Prepare for the upcoming application cycle by completing the interest form and
checking the website for updates. Application timeline and FAQ's can be found below.
Mass Meeting #1
Mass Meeting #2
In Person, 6:00-7:00pm
Room: Angel Hall Rm. 127
Eboard Application Office Hours
Due Sunday night, 9/11 @11:59pm
An email will be sent out to invite you to schedule time with 1-2 of our Exec board members
First meeting will be held on Monday, 9/19, at 8pm
Mass Meeting #1
Zoom Link TBD
Mass Meeting #2
Due Sunday night, 9/11, at 11:59pm
An email will be sent out to invite you to schedule time with 1-2 of our Exec Board members
First meeting will be held on monday, 9/19, at 8pm
First and foremost, we look for an interest in foreign policy and a desire to learn. Our meetings, research, and discussion focus on events around the world and how they impact the United States’ foreign policy objectives. We look for members who will be present in our meetings, engaged in their research, and active in these discussions in MFPC and around campus.
MFPC is a great space for prospective members looking to engage in a foreign policy/writing community. The majority of work in MFPC is done in groups, so great communication skills are essential. As we produce a research journal each semester, successful applicants display their ability to adhere to deadlines and work in tighter timelines.
Prior writing/research experience is not required, but those with experience are recommended to apply to the editing committee or policy proposal roles. Our goals to learn about foreign policy and exercise research skills work in tandem, so any interested applicant regardless of experience is encouraged to apply!
Freshmen are eligible to apply to be researchers and editors. For those without prior research experience, it is recommended that you apply to a research position for your first semester. Freshmen with prior research experience and displayed writing skills are encouraged to apply for editor as well.
Our application includes a short foreign policy-related writing sample, requiring 250-400 words describing a foreign policy issue you are passionate about and what its implications for U.S. foreign policy may be. The FP part of the application is your chance to show us your writing skills and your policy interests abroad. This is not a prescriptive piece, there is no need to recommend a final policy outcome, nor to predict the outcome of the foreign policy issue as a whole. We want to see a little of your own analysis on the event and its wider impact on U.S. foreign policy goals.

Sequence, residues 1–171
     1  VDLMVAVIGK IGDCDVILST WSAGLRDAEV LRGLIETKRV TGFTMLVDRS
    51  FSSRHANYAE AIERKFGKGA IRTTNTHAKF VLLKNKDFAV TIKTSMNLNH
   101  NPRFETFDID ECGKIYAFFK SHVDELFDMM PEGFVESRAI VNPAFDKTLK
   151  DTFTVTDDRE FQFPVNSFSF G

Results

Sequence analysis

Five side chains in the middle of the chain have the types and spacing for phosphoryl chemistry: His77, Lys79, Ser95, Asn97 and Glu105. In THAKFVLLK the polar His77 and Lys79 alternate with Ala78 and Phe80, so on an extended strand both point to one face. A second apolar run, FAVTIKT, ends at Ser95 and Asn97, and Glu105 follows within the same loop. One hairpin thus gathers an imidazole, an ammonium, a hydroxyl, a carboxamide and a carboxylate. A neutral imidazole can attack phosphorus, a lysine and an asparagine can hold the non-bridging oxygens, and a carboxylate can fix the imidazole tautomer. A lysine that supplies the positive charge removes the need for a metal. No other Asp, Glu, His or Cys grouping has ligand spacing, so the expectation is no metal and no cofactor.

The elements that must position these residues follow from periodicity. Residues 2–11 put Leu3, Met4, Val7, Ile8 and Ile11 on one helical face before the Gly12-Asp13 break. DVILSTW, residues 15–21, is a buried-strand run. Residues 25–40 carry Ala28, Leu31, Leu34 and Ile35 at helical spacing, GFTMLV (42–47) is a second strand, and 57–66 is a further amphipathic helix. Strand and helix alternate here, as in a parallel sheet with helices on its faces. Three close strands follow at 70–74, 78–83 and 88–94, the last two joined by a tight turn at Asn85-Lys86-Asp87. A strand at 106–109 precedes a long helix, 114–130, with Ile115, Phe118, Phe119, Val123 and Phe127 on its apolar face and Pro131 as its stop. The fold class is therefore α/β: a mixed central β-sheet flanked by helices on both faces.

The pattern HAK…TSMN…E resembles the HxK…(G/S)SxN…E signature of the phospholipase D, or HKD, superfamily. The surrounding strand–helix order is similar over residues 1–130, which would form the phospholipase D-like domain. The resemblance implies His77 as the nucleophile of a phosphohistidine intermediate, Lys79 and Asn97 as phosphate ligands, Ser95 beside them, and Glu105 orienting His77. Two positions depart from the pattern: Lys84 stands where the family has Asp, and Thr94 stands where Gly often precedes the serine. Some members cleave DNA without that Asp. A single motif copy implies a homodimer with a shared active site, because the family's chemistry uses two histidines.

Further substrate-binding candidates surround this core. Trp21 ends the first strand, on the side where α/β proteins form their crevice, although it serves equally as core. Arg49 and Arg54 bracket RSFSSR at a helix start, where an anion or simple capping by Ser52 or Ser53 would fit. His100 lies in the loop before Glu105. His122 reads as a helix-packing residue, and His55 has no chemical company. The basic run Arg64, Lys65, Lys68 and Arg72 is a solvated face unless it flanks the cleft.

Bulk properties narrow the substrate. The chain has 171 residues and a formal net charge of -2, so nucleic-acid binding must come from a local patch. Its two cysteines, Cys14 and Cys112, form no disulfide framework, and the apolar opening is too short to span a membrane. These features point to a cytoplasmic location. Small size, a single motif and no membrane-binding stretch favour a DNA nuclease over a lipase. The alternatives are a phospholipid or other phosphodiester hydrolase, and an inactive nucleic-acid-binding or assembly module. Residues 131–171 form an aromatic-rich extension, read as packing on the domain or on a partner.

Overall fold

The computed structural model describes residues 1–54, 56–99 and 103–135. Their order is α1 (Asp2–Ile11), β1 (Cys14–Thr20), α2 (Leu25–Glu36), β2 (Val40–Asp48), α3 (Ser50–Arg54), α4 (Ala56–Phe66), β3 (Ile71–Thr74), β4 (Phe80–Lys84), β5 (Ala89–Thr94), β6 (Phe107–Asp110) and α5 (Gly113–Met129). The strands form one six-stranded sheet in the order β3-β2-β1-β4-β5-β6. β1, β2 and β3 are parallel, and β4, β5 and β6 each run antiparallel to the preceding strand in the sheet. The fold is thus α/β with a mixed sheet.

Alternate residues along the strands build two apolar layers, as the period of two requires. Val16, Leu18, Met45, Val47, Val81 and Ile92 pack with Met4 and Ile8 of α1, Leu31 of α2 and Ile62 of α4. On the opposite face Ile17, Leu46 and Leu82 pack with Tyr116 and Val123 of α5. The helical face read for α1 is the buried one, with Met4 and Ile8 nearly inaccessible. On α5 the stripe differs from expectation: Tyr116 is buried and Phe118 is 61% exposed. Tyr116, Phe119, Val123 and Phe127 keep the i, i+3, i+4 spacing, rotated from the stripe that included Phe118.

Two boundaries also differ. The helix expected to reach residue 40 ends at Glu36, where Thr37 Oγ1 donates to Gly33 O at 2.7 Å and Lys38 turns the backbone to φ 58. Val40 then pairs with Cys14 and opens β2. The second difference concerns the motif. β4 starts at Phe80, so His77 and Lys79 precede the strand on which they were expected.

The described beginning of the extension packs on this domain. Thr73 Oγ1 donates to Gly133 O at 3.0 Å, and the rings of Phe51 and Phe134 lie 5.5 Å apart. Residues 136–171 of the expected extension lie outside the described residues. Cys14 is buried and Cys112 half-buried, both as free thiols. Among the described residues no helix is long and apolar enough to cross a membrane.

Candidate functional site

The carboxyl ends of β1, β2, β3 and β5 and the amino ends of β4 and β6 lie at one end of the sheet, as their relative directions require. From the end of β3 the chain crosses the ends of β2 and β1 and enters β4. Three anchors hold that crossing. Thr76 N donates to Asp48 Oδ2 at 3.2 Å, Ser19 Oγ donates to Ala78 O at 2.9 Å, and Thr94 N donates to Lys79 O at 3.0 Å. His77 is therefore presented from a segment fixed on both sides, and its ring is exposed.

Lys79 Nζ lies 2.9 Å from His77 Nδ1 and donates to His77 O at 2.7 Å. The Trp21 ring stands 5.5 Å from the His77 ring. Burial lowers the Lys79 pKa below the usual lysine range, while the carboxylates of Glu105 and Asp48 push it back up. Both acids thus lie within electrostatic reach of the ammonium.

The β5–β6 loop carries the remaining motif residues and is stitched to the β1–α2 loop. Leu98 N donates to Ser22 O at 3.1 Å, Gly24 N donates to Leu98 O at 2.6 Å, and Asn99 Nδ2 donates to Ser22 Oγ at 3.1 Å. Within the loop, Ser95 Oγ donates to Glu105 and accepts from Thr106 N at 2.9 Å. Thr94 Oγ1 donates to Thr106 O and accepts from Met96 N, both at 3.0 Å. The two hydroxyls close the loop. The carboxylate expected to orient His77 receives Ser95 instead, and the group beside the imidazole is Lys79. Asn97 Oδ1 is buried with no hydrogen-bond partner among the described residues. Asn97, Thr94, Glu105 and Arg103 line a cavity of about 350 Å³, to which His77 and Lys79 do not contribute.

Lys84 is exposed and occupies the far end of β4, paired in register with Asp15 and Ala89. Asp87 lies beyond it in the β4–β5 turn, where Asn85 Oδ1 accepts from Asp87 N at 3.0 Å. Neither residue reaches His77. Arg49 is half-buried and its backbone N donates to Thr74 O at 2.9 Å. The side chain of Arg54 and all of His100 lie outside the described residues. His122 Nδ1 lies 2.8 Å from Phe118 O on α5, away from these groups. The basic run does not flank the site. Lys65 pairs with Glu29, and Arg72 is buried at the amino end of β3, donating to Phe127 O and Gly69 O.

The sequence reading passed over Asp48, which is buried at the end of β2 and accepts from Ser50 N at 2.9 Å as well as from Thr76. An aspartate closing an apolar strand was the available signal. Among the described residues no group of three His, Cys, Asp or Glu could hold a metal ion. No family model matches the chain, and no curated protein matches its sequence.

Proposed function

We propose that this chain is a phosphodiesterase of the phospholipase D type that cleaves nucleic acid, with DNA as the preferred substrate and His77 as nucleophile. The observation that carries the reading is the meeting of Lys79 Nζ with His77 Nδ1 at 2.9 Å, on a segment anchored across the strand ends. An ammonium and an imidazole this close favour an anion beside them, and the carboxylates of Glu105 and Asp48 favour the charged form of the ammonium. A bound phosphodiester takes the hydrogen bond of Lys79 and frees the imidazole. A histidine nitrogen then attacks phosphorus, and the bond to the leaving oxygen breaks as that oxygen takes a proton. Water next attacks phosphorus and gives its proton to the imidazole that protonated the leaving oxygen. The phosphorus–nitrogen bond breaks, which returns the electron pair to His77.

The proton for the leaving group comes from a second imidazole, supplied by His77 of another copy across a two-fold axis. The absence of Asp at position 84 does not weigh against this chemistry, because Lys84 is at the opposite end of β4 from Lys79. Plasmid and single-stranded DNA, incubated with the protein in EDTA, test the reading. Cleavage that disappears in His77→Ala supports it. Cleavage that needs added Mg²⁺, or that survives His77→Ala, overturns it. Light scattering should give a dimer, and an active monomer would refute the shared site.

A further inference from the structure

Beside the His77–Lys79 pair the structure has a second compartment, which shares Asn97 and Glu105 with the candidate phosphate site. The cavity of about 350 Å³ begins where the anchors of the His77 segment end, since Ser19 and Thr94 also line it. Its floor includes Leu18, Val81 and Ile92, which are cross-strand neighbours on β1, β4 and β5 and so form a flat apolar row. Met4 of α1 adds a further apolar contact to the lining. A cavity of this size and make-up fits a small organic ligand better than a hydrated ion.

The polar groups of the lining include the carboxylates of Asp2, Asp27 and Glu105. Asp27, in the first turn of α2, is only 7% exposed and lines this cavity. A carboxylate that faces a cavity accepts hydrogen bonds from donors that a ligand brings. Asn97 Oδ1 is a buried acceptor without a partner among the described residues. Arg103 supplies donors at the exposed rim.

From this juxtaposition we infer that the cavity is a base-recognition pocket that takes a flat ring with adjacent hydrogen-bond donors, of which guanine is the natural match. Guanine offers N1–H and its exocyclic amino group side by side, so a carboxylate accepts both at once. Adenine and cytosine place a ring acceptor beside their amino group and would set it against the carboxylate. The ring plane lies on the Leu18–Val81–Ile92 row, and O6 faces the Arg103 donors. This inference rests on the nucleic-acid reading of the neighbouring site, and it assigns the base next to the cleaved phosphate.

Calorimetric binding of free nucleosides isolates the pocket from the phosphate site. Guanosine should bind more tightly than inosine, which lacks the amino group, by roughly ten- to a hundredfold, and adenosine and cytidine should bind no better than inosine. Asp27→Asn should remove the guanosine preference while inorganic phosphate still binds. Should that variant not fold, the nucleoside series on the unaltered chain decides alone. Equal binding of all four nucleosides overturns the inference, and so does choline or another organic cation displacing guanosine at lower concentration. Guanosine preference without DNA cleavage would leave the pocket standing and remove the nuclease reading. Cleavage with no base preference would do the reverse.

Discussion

To get started, read the news! There is always something happening in the world across all regions and topics. Look at events that aren’t discussed as widely in the media. (We know Russia is invading Ukraine, and likely what this means for U.S. foreign policy). For analysis, think about the research topics MFPC focuses on: how will this conflict affect policy decisions in each of those sectors? You don’t need to talk about each of them in your response, but it’s a good way to get the thoughts flowing. Your writing focus should be as much on analysis as possible: we recommend you reserve about 150 words for context, and the rest be dedicated to analysis.
This is a short piece: focus on clear and concise writing to drive your point home, and varying on one’s prior knowledge of their topic of choice, this may take one to two hours to complete. We love seeing our applicants’ foreign policy interests!
**No need to include citations**
Practice your elevator pitch! This is a one to two minute description of who you are and how (in this case) MPFC fits into your interests. U of M provides many educational resources for elevator pitches, some of which can be found here. Practice with a friend, in a mirror, or in a solo zoom room!
Think about how MFPC and the research topics you prefer fit into your college experience. We look for members to be invested in their research projects, and it’s much more enjoyable to read and write when one has a passion for their topic!
Have one to two professional stories in the back of your head ready to apply to questions. Academic group projects, previous part-time/full-time jobs, and volunteer experience are good examples to consider.